Racism takes a lifetime to unlearn

Liz Brooks, JD, IBCLC, FILCA recently wrote a great blog post called Pro tips for 2018: Shift your scripts, and consider shutting up inspired by Dr. Jann Murray-Garcia’s sessions at the 2018 United States Breastfeeding Committee meeting and the subsequent National Breastfeeding Coalitions Convening. In it, she reflects on race/racism, bias, cultural humility and epistemic testimonial injustice. Big words, big, important concepts. Her piece is a must-read. It’s sure to get you exploring and reflecting.

Urged to consider shutting up when the time is appropriate in Brooks’s piece, I thought back to Debra Bingham’s, DrPH, RN, FAAN blog post #Speakup for African American and Black Women which we featured on Our Milky Way back in April.

Shut up and speak up. Of course, these two authors aren’t offering contradictory messages. Rudimentarily put, one is about listening to and believing the experiences of People of Color, and the other offers suggestions on how to engage in respectful conversations essentially between white people.

Race is admittedly challenging to talk about. Consider though that People of Color’s challenge is riddled with generational trauma. Their daily lives are entrenched in the legacy of slavery. As a White person, when I talk about race, I experience discomfort, maybe I get a little fidgety and sweaty, but my response is one drenched in privilege; it isn’t one that’s been beaten into my DNA.

Conversations about race are starting to happen more often between my children and me.

When the radio plays, my six-year-old often wonders if it’s a brown person or a peach person singing.

I’ve taken the cue that she’s interested in skin color and awkwardly fumble around the treatment of Black people in America. Pop songs to racism. An ungraceful transition to say the least.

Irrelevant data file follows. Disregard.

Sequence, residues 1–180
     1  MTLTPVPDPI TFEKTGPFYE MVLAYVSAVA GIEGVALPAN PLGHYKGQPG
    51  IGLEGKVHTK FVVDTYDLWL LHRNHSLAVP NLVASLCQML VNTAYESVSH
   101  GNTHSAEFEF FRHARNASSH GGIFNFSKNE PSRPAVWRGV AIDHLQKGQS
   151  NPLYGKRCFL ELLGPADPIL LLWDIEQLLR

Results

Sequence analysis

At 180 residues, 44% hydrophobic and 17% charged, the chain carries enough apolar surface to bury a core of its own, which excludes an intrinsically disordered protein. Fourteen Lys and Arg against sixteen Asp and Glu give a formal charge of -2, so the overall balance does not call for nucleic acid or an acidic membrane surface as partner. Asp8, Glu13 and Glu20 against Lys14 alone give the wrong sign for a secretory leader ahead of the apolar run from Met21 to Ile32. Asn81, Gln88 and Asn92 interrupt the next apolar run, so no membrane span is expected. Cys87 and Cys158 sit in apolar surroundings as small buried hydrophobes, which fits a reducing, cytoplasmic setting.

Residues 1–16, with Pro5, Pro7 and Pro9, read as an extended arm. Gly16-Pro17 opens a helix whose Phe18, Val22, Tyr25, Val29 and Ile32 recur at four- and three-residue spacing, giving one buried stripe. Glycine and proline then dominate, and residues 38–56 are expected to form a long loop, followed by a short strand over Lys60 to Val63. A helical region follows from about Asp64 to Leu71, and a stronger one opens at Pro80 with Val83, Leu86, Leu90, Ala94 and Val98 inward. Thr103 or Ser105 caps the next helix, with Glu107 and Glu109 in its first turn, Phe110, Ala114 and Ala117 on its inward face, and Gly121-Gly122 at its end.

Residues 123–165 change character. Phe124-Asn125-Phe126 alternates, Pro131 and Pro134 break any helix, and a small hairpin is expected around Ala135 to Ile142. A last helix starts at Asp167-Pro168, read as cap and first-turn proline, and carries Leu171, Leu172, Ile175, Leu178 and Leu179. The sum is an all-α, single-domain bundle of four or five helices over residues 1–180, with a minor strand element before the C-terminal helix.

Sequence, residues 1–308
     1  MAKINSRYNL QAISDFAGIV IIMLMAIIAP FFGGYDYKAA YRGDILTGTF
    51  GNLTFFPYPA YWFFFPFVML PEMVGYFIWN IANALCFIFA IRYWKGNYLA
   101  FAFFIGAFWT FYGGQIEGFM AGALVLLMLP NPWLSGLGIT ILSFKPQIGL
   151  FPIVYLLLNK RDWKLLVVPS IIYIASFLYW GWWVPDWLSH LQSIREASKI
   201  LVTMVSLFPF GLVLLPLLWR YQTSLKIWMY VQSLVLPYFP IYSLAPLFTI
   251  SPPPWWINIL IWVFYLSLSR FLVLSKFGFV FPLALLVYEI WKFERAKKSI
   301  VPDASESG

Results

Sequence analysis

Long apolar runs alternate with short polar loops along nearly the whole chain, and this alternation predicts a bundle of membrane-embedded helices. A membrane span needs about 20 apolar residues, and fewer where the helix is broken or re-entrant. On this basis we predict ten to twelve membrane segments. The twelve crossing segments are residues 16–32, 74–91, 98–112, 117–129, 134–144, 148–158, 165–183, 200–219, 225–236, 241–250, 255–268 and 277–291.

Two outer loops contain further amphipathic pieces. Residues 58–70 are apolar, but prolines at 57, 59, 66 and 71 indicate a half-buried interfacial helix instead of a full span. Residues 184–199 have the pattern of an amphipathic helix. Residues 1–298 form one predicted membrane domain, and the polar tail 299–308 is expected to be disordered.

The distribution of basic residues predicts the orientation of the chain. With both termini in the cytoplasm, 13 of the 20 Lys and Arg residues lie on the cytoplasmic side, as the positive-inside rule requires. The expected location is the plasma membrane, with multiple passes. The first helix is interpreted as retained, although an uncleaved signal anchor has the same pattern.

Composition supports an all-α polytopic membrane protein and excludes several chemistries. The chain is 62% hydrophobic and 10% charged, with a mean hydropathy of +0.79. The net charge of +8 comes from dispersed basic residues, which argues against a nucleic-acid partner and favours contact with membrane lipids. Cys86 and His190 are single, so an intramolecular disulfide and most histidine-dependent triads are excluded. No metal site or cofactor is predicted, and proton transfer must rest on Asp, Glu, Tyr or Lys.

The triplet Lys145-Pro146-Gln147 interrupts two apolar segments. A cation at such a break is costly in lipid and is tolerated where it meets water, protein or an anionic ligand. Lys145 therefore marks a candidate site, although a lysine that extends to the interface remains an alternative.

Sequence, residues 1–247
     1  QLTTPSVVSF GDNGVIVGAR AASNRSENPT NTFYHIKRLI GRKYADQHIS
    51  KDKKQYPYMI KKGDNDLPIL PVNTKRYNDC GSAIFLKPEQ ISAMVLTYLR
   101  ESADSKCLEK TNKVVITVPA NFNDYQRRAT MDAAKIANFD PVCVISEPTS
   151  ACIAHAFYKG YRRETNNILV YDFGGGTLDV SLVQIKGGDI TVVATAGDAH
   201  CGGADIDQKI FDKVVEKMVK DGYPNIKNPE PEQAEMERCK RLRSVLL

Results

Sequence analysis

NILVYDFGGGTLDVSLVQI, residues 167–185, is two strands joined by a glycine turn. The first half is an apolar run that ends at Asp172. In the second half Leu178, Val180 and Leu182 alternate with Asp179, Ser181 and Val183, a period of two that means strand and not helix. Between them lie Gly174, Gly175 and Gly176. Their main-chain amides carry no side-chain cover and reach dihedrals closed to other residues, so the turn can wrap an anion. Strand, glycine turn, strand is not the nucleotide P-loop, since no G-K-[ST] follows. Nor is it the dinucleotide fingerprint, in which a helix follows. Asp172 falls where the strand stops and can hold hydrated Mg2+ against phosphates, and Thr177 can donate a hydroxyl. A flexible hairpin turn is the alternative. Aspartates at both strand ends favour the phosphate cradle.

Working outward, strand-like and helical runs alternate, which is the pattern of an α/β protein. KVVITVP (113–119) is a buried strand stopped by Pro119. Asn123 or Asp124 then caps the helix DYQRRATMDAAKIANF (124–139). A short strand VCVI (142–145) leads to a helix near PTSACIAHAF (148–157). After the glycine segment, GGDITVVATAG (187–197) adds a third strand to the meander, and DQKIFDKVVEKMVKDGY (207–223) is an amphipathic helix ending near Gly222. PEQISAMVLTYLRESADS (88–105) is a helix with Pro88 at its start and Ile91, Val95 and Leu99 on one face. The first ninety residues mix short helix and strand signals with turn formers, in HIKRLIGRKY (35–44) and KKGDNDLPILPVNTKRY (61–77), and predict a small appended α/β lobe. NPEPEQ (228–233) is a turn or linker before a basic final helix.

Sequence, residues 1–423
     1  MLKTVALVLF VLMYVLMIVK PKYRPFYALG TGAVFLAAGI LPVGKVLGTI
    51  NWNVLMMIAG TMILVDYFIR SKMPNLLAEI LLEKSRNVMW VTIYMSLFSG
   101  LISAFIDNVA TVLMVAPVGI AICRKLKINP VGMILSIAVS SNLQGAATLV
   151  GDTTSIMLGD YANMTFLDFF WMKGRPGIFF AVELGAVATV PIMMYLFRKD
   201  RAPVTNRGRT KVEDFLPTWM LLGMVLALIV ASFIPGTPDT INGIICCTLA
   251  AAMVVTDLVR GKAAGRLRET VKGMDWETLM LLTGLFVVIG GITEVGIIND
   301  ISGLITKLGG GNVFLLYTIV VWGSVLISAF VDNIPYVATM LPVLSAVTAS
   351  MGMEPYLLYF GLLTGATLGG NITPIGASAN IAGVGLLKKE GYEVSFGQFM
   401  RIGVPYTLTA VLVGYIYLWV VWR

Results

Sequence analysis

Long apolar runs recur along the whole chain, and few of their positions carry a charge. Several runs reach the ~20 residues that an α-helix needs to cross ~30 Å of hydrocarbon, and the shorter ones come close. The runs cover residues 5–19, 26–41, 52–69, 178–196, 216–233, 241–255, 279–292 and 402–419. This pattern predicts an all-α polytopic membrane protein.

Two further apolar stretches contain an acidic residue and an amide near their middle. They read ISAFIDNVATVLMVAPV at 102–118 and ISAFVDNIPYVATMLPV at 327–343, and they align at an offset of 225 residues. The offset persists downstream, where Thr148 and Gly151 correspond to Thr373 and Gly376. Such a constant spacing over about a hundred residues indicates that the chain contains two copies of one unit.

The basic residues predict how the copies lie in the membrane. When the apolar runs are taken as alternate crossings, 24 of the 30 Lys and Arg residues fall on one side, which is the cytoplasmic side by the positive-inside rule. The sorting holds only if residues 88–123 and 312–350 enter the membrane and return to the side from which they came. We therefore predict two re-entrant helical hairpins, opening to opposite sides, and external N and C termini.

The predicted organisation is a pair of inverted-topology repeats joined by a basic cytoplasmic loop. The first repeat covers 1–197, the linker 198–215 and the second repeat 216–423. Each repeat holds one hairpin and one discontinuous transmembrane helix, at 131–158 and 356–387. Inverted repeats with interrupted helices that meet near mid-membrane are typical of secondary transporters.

My six-year-old has asked about the “We Back the Badge” signs littering our neighborhood too. My explanation of its origin was mostly incoherent and arguably not age-appropriate. I closed with the suggestion that we display a “We Back the Badge” sign next to a “Black Lives Matter” sign. I looked to her sheepishly –“Whaddya think?”– knowing that I’d completely butchered a wonderful opportunity to discuss race. Her eyebrows furrowed. She said, “I’m going to be a police officer for Black people.”

I know my conversations about race, especially with my children are far from perfect, and I often fear I’m doing more harm than good.

Here’s the thing: as the author of White people, stop asking us to educate you about racism points out, myracism will take a lifetime to unlearn” and while I’d love a quick fix, I’ve accepted this will be a journey.

Luckily, there are tons of great resources online to guide me.

The aforementioned author suggests John Greenberg’s website Citizenship and Social Justice and  Curriculum for White Americans to Educate Themselves on Race and Racism–from Ferguson to Charleston.

Bree Ervin wrote 6 Things White Parents Can Do to Raise Racially Conscious Children which has been a great starting point for me.

There’s Raising Race Conscious Children which works to dismantle the color-blind framework and prepare young people to work toward racial justice. Their website offers workshops, a blog, a podcast, among other great resources for parents and other caregivers.

From Privilege to PROGRESS is a group founded after two innocent Black men were arrested for not buying coffee. Their effort calls on White allies to #SHOWUP against racism and social injustice by understanding and using privilege to speak out, share and amplify the voices of People of Color, to desegregate public conversations about race through social media campaigns.

This American Life has been instrumental in my desire to dismantle racism. Their episodes on race are so powerful. Living in White Suburbia, it’s easy to slip into my bubble, but these episodes bring the world to me and remind me that racism is alive and well and disgusting.

I’m committed to racial justice because I refuse to be the person Kimberly Seals Allers describes in Wake Up Call #1 in her piece The Trump Election and 5 Urgent Wake Up Calls for the Breastfeeding Movement: Honesty, Gender Solidarity and PC-ism Are Dead.

Mostly, I strive to be better because too many Moms of Color won’t get to have awkward, hard conversations about race with their babies. Communities of Color are in crises; we are the problem and part of the solution.

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